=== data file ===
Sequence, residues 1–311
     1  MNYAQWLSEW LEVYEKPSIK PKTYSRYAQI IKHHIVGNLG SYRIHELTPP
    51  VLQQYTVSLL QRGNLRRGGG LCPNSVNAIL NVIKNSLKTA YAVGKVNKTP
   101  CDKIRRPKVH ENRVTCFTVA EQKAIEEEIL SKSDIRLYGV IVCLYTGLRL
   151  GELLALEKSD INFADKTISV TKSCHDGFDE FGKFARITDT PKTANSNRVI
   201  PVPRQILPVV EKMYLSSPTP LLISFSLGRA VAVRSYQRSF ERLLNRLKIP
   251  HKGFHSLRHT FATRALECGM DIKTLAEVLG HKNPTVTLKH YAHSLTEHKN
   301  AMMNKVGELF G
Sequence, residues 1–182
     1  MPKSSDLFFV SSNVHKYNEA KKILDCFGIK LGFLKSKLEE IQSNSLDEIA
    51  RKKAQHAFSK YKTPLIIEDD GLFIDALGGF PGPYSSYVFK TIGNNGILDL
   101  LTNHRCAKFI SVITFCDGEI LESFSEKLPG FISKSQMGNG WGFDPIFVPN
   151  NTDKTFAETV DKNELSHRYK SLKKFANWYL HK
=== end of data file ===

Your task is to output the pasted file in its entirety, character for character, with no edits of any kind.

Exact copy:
Sequence, residues 1–311
     1  MNYAQWLSEW LEVYEKPSIK PKTYSRYAQI IKHHIVGNLG SYRIHELTPP
    51  VLQQYTVSLL QRGNLRRGGG LCPNSVNAIL NVIKNSLKTA YAVGKVNKTP
   101  CDKIRRPKVH ENRVTCFTVA EQKAIEEEIL SKSDIRLYGV IVCLYTGLRL
   151  GELLALEKSD INFADKTISV TKSCHDGFDE FGKFARITDT PKTANSNRVI
   201  PVPRQILPVV EKMYLSSPTP LLISFSLGRA VAVRSYQRSF ERLLNRLKIP
   251  HKGFHSLRHT FATRALECGM DIKTLAEVLG HKNPTVTLKH YAHSLTEHKN
   301  AMMNKVGELF G
Sequence, residues 1–182
     1  MPKSSDLFFV SSNVHKYNEA KKILDCFGIK LGFLKSKLEE IQSNSLDEIA
    51  RKKAQHAFSK YKTPLIIEDD GLFIDALGGF PGPYSSYVFK TIGNNGILDL
   101  LTNHRCAKFI SVITFCDGEI LESFSEKLPG FISKSQMGNG WGFDPIFVPN
   151  NTDKTFAETV DKNELSHRYK SLKKFANWYL HK